Searching with a thematic focus on International climate change negotiations, Climate change

Showing 291-300 of 301 results


  • Document

    Incentives to sustain forest ecosystem services. A review and lessons for REDD

    International Institute for Environment and Development, 2009
    Tropical deforestation and forest degradation contributes to global greenhouse gas emissions. Reducing emissions from deforestation and forest degradation (REDD) is an important component of a viable global climate policy framework.
  • Document

    Community answers to climate chaos: getting climate justice through the UNFCCC

    Christian Aid, 2009
    This paper gives suggestions of how a successful deal can be made at the Copenhagen Conference in December 2009. It argues that during the conference world leaders must agree on a global response to climate change that will shield the world, its economy and its people from the threat of climate chaos.
  • Document

    Trade and climate change

    World Trade Organization, 2009
    Greenhouse gas emissions which are the major contributors to climate change are on the increase in both industrialised and developing countries. This paper indicates key linkages between trade and climate change and reviews how their respective policies interact. Questions are posed as to how trade and climate change can be mutually supportive.
  • Document

    Climate policy integration: towards operationalization

    Department of Economic and Social Affairs, United Nations, 2009
    The climate change debate raises the issue of the often identified requirement to incorporate climate policy into other policy sectors, often termed climate “mainstreaming” or climate policy integration (CPI). This paper explores the need for CPI, the state of current understanding, and proposals for integration of climate policy at the national policy scale.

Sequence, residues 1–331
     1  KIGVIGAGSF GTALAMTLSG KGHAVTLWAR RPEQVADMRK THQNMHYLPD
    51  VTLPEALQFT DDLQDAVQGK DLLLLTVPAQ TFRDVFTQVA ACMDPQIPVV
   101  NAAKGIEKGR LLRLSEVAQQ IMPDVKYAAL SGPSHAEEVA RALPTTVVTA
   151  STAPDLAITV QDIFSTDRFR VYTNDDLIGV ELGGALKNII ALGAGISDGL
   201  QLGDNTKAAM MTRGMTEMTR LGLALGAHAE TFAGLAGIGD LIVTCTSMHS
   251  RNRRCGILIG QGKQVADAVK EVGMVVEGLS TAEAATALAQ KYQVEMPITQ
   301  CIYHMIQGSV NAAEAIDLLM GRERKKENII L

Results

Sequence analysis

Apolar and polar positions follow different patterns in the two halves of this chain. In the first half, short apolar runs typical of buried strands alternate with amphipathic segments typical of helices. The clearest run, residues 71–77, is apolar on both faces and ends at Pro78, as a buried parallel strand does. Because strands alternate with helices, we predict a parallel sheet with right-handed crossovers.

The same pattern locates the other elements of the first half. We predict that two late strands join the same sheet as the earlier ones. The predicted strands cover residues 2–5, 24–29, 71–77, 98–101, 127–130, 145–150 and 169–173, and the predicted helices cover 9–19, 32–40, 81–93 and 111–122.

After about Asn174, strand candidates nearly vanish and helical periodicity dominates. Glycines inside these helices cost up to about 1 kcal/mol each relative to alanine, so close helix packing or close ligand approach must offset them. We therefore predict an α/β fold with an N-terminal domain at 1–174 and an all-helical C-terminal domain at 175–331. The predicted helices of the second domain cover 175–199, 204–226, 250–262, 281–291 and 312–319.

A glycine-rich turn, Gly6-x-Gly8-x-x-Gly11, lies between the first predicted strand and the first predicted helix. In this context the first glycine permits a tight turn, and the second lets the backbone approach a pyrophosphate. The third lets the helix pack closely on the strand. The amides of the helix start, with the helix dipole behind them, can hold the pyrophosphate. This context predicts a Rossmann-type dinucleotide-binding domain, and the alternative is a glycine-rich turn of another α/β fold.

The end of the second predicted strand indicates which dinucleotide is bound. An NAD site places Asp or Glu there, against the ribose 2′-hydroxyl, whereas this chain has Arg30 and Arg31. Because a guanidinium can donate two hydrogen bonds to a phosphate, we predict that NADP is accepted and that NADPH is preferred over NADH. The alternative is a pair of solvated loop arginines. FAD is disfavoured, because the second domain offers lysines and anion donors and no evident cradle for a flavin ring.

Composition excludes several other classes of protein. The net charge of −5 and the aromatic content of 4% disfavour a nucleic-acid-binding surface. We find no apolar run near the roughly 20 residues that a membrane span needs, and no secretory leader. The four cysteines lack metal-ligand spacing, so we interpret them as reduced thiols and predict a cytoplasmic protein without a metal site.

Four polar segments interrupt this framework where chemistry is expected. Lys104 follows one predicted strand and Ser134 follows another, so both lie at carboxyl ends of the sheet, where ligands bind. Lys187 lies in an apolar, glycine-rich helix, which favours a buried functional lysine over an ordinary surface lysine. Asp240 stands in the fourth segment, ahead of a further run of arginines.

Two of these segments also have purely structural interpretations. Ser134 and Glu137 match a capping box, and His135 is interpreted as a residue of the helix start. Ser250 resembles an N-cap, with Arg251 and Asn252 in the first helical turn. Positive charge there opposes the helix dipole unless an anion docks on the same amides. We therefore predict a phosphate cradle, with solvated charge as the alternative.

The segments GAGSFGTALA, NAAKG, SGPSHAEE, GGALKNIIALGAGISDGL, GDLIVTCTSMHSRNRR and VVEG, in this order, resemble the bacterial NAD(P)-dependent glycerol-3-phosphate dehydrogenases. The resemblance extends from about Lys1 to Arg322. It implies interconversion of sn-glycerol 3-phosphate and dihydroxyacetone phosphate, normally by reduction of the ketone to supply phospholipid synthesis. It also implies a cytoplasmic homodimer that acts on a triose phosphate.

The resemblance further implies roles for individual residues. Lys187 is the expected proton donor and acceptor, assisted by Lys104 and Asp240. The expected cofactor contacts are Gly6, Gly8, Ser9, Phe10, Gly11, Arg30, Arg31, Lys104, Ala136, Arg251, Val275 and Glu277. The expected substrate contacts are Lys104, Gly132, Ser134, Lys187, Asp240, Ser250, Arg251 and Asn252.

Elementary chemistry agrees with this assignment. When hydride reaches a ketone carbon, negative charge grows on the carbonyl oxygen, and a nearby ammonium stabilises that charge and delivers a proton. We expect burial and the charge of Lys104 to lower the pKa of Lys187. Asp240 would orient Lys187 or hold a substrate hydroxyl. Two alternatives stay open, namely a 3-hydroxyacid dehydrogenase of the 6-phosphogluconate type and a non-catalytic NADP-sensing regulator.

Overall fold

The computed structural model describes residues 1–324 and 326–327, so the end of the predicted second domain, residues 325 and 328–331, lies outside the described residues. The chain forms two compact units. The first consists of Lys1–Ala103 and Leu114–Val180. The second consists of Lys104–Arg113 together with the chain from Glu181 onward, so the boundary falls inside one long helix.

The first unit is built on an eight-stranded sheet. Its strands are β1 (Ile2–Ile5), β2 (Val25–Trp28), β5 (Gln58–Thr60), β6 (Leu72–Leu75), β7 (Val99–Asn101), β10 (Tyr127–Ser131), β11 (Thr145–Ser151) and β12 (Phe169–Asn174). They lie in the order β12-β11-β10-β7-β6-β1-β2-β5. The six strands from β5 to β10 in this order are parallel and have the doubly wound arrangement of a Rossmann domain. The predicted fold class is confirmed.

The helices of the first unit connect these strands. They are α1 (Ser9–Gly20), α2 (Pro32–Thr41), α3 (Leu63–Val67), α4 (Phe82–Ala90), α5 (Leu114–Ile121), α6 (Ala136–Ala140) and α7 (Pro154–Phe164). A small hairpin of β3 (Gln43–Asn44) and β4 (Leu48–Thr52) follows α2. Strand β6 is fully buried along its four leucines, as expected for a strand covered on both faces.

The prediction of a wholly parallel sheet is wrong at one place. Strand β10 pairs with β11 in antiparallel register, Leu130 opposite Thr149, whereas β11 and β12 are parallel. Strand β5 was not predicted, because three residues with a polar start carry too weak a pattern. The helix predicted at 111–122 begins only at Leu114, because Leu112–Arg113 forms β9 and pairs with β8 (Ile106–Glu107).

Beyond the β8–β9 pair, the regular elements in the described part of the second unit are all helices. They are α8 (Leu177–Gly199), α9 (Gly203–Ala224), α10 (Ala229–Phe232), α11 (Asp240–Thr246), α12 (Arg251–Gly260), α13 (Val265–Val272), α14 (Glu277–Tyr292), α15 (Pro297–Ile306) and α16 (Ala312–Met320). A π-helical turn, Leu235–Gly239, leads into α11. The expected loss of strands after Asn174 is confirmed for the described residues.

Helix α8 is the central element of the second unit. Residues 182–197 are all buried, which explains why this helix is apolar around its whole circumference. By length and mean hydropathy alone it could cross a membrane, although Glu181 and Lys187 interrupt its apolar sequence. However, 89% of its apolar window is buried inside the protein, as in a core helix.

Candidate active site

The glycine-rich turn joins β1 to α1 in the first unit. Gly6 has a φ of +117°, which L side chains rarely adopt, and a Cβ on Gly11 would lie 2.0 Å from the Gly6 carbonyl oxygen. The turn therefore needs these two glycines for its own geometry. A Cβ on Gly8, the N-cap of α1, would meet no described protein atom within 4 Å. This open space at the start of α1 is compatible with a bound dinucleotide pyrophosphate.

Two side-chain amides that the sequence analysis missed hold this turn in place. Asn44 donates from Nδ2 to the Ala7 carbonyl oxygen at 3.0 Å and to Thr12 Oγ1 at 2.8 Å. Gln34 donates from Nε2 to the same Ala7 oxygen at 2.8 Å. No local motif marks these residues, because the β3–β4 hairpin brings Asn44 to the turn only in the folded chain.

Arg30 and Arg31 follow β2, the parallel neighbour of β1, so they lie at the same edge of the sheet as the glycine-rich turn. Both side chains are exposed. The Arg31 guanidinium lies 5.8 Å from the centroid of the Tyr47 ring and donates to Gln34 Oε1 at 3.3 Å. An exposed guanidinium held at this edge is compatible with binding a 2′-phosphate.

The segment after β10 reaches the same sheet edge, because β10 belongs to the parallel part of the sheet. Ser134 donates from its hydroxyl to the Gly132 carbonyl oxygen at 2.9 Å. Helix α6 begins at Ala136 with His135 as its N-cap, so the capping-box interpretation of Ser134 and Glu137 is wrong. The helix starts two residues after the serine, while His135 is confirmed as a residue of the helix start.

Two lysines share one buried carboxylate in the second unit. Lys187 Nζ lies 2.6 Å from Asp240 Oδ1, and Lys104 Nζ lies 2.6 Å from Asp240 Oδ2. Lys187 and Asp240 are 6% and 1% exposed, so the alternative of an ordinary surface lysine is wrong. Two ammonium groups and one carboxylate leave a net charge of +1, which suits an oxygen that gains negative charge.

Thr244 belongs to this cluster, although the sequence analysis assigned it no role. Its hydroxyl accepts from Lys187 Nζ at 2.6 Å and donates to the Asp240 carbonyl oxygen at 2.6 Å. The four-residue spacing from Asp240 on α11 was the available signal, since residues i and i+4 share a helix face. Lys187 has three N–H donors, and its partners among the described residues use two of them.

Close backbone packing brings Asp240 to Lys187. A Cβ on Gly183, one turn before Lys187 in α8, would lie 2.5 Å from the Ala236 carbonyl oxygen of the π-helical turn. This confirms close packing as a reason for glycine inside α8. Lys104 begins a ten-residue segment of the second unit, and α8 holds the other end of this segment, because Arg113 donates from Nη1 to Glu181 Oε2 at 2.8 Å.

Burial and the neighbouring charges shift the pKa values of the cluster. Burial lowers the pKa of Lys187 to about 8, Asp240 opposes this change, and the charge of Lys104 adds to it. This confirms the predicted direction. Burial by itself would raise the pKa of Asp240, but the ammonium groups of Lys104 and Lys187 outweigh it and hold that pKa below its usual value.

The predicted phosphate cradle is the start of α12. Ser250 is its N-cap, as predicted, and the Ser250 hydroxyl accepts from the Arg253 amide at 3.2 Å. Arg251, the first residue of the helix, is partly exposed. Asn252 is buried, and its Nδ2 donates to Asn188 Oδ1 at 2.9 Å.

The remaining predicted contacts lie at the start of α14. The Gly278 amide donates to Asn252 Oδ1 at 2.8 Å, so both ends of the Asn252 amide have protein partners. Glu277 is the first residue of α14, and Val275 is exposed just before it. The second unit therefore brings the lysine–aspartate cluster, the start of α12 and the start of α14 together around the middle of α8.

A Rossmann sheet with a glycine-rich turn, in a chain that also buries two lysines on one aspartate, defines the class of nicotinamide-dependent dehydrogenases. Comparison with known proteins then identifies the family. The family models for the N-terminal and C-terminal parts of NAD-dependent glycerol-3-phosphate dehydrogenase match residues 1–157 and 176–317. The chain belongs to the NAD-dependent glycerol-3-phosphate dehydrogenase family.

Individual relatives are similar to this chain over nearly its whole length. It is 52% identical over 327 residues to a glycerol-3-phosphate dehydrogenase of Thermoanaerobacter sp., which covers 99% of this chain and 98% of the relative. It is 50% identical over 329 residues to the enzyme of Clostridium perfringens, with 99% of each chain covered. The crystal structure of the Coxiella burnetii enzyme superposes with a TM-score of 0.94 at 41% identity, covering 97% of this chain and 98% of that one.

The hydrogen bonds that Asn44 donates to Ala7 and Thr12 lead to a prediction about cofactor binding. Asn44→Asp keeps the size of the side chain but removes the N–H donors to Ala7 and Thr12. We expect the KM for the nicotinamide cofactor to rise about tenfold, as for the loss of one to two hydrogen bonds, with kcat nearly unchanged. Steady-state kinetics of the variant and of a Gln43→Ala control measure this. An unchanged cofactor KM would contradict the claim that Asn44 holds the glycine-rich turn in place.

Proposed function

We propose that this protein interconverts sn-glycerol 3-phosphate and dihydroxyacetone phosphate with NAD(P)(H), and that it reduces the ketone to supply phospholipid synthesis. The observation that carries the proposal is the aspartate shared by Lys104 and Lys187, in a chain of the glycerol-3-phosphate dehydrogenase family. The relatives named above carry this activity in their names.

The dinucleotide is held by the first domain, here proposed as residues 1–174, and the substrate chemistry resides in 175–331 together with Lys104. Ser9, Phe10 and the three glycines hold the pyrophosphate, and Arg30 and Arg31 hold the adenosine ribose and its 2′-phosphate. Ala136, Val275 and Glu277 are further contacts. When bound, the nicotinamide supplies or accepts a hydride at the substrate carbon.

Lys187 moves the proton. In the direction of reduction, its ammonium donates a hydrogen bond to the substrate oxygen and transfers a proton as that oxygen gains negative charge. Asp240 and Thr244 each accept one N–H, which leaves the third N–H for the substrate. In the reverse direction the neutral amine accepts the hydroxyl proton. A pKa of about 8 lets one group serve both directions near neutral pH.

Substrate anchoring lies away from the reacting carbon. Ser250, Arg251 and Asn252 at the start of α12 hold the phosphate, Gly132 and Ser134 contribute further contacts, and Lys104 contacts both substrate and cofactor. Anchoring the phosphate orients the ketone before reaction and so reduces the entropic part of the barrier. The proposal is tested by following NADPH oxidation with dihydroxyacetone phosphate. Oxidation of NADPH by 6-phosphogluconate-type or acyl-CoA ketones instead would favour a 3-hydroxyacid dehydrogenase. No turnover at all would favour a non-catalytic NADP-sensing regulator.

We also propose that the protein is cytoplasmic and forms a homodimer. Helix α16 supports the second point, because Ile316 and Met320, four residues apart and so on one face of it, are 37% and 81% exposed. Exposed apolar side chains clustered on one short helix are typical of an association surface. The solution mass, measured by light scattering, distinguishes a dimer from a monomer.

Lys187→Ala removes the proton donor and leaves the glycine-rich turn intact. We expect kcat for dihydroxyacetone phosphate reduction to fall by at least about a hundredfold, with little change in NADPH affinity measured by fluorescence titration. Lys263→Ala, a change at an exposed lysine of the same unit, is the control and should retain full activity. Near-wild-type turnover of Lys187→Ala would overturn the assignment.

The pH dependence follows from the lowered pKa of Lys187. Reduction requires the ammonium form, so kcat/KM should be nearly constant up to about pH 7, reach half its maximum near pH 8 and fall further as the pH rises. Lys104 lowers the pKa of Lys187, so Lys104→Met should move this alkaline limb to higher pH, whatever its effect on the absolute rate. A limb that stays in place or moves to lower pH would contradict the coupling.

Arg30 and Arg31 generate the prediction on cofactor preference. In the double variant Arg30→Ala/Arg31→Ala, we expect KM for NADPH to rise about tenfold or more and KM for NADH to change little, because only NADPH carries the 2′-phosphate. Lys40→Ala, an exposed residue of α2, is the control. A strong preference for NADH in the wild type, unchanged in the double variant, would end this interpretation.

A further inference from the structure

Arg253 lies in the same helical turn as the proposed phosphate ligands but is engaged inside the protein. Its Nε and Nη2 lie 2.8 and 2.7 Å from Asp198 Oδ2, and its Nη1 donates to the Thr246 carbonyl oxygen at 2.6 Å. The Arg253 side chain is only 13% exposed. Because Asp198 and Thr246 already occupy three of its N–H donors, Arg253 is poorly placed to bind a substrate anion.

• Organisation

    Global Climate Network (GCN)

    The Global Climate Network (GCN) is a collaboration of independent research and policy organisations focusing on climate change issues.
  • Document

    International carbon market mechanisms in a post-2012 climate change agreement

    International Institute for Sustainable Development, 2009
    Market-based mechanisms have the potential to play a large role in the global effort to address climate change under the United Nations Framework Convention on Climate Change (UNFCCC). This paper provides an overview of the role and profile of international carbon market mechanisms in a new international post-2012 climate change agreement.
  • Document

    Financing the cost of climate change: two perspectives on who, what and how

    Norwegian Forum for Environment and Development, 2008
    This report is broken into two parts: The World Bank’s climate change agenda: bridging the gaps or widening the North-South divide? and Financing adaptation to climate change in Malawi. The document gathers and analysesinformation on major climate change and finance initiatives by the World Bank.
  • Document

    Rising temperatures, rising tension: climate change and the risk of violent conflict in the Middle East

    International Institute for Sustainable Development, Winnipeg, 2009
    Climate models are predicting a hotter, drier and less predictable climate in the Middle East, a region already considered the world's most water-scarce and where, in many places, demand for water already outstrips supply. This report addresses the links between climate change, peace and conflict.
  • Document

    The human dimension of climate adaptation: the importance of local and institutional issues

    Commission on Climate Change and Development, 2009
    Climate change is already affecting poor people and communities around the globe. This paper presents a conceptual framework that turns the mainstream adaptation discourse upside down with autonomous adaptation as the starting point for a new agenda.
  • Document

    Interaction between EU carbon trading and international institutions: synergies or disruptions?

    Ecologic Centre for International and European Environmental Research, Berlin, 2008
    This paper discusses various dimensions of the developing positive and negative interactions between the company focused EU emissions trading (ETS) and country focused global carbon trading and other relevant global institutions. Three main cases of interaction are analysed. The author considers the interaction between the Kyoto Protocol and the ETS as target.